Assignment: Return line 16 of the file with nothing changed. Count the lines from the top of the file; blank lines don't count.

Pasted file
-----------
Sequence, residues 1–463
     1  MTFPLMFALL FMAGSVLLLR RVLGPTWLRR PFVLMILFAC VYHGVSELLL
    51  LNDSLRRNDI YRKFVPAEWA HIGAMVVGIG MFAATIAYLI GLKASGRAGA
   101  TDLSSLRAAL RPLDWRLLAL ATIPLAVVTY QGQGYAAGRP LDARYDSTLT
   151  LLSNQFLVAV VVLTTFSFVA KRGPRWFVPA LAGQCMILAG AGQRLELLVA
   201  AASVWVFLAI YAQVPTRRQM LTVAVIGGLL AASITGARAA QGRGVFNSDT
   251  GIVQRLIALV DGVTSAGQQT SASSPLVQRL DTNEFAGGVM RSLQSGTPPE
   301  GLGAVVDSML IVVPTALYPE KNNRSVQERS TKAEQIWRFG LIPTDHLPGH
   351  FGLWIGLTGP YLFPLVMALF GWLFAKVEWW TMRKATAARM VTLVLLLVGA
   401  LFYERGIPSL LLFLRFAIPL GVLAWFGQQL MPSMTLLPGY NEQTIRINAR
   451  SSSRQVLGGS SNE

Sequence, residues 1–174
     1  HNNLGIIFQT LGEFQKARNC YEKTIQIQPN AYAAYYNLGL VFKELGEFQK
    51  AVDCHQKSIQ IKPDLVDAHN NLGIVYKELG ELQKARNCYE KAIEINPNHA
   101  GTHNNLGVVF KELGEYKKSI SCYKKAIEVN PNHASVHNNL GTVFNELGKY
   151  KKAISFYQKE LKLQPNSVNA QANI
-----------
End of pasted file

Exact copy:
   151  KKAISFYQKE LKLQPNSVNA QANI